Round 3: "Ballad"

The challenge was to write a ballad inspired by a musical piece. Mine was "The Insiders, Track 2":  http://www.youtube.com/watch?v=PzlTvDD-7ws

Before I go on, let me say a thank you to Trevor/smac972 for coming up with this challenge. Although life got in the way, I still think you were a wonderful leader. I hope you get to come back again later to properly finish things out.

To Will/verse47, thank you for relighting the fire when it seemed the tournament was sure to snuff itself out. You're new, true, but know that you've already left an indelibly permanent mark on the rest of us :)

The Ballad of Paulie Barber

Paulie had his ticket punched
And there was no goin' back.
Paulie caught the last train out:
The endless stretch of track.

He booked a seat in the far-back car
And began to settle in
When he spied through shear of smoke
A game ‘bout to begin.

He asked if he might sit a hand,
The greyed-out heads did nod
And Paulie caught the dealer's sneer,
Like glare off a lightnin' rod.

Paulie had his ticket punched
And there was no goin' back.
Paulie caught the last train out:
The endless stretch of track.

A feline with a frizzed-out mane
And a hat like sunset on his head
Purred, "A change of game might I suggest;
Strip poker, aye, instead."

Paulie and the table shrugged,
Was all the same to them.
The dealer gnawed at his cigar
And dealt to all the men.

The cat was out in one swift round
(He'd tried to bluff bad cards).
So Paulie won that sunset hat
And the train chugged onward.

Paulie had his ticket punched
And there was no goin' back.
Paulie caught the last train out:
The endless stretch of track.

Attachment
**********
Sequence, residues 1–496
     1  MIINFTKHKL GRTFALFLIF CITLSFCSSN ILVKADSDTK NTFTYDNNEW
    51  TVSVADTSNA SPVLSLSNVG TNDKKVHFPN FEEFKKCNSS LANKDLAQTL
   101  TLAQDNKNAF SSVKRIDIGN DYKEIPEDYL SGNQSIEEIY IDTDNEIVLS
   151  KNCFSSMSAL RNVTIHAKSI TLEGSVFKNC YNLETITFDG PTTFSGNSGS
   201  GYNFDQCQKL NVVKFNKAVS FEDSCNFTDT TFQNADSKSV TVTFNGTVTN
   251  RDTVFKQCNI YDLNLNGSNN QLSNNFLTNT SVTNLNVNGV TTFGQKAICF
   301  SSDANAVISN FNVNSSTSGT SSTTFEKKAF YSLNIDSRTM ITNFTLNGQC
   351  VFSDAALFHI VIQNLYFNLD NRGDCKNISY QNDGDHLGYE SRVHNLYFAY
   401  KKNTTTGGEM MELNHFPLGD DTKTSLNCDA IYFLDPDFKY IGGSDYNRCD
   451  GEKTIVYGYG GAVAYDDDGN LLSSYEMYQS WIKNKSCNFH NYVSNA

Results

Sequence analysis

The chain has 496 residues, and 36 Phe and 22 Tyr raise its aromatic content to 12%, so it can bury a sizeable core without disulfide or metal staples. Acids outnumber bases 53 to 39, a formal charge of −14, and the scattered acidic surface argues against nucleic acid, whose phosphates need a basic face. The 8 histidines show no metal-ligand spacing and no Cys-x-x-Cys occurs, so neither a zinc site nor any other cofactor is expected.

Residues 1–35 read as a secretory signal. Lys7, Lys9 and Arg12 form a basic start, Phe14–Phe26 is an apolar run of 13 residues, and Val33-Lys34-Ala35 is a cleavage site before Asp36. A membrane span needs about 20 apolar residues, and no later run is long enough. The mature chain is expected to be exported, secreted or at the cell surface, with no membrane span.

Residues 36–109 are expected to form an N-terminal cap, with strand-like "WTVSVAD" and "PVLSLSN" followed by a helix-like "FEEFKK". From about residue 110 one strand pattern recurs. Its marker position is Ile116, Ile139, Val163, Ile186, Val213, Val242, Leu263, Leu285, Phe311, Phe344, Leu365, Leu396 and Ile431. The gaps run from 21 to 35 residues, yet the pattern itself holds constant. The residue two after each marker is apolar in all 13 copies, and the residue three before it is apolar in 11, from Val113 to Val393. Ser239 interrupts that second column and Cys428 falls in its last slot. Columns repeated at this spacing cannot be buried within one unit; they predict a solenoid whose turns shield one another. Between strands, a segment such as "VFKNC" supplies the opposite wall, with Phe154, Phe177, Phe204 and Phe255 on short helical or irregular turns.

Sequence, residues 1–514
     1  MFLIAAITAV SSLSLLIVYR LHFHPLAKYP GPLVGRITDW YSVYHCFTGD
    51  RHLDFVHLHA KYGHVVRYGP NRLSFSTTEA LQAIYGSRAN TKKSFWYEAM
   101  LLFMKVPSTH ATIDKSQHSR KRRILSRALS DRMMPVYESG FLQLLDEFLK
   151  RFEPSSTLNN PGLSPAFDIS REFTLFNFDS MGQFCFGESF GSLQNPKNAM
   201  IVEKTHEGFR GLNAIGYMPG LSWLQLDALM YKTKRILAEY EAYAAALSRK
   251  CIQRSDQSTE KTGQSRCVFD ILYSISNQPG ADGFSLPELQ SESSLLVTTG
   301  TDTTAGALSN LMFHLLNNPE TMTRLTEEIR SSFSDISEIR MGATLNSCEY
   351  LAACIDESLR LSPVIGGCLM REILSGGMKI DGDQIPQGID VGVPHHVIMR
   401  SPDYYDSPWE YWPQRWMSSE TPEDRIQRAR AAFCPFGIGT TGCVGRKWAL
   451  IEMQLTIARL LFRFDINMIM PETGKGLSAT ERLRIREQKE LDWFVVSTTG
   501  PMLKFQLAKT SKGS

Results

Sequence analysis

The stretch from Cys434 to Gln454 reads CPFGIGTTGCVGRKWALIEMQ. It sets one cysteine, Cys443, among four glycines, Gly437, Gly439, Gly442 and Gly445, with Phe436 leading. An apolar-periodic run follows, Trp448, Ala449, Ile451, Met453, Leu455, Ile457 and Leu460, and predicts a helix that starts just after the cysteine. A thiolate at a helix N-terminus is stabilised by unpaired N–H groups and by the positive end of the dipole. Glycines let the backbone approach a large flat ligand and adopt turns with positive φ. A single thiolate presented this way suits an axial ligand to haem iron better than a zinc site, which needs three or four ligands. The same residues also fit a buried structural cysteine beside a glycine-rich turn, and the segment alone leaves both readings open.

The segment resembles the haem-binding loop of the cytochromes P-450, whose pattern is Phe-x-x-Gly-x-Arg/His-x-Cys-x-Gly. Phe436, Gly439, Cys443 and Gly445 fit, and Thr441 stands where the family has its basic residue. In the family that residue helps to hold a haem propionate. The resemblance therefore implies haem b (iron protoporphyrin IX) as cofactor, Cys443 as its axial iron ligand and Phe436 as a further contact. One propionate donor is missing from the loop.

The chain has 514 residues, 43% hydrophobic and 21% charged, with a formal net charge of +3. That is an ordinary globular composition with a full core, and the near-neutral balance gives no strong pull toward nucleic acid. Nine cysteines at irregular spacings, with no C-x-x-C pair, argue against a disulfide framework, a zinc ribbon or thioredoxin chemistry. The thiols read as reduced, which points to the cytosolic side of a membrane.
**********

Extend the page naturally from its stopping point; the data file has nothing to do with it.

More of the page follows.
The table shifted, change of hands,
A hound crouched o'er his cards.
He sputtered a greeting to Paulie and said,
"I'm replacin' the cat, that coward."

The dealer cut the deck and dealt.
"Aces high," he muttered.
The dog scratched the chain at his neck,
"Three of a kind," he stuttered.

Paulie fanned his two-tone straight
And saw the hound's face flush.
"I -uh guess that you'll be takin' this."
He tugged his chain and blushed.

Paulie had his ticket punched
And there was no goin' back.
Paulie caught the last train out:
The endless stretch of track.

This round the dealer snagged a chair
And turned his cap around.
He skewered his cigar in the table
And dealt the cards face-down.

"Now this round's special," he said with a grin.
"Call it the ultimate strip.
"If I win, I get your soul.
"You win, it's the end of your trip."

Paulie glanced at the world outside,
The chips of moving scenery.
He noted the sky like an infected scab
And the steadily reddening greenery.

Paulie had his ticket punched
And there was no goin' back.
Paulie caught the last train out:
The endless stretch of track.

Paulie took his cards up.
The dealer took up his.
Nuthin' but fluff, Paulie thought
And the dealer noted his visage.

The train chuffed and bucked,
Its rails glowed with the heat,
Paulie shifted his cards in his grip,
And the dealer picked his teeth.

"I'll let you fold to save some face."
The dealer adjusted his frames.
"Nice offer," thanked a grinning Paulie,
"But I think I'll call, all the same."

Paulie had his ticket punched
But there's always another chance.
Paulie caught the last train out:
Off the endless stretch of track.

Paulie Barber burned the Devil
And won a ticket back.
‘Cuz dealers who wear sunglasses
Clearly don't know jack.

 

Because I thought you'd find it interesting: one of the common themes in a ballad is that of a quest consisting of three "challenges". I took this and decided to play with the idea of underworld guardians leading up to the big man himself.

The cat is representative of Aker, one of the earliest-worshipped gods in Ancient Egypt. Aker was a deification of the horizon and depicted as two lions balancing the horizon on their shoulders. The horizon being a line between night and day eventually came to represent the line between life and death and so Aker was said to guard both the entrance and exit of the underworld. The horizon is a red sun, like a sunset, and so the cat with a sunset hat was my first choice.

The dog symbolizes Cerberus, who, according to Dante, stands in the third circle of Hell and gnaws on those who have succumbed to gluttony. One of Hercules' tasks was to capture Cerberus without weapons and Dante mentions that the dog still has the marks of the hero's chain around his neck. The three heads are represented by the three-of-a-kind hand and Paulie, of course, wins the chain from around Cerberus' neck.

The End

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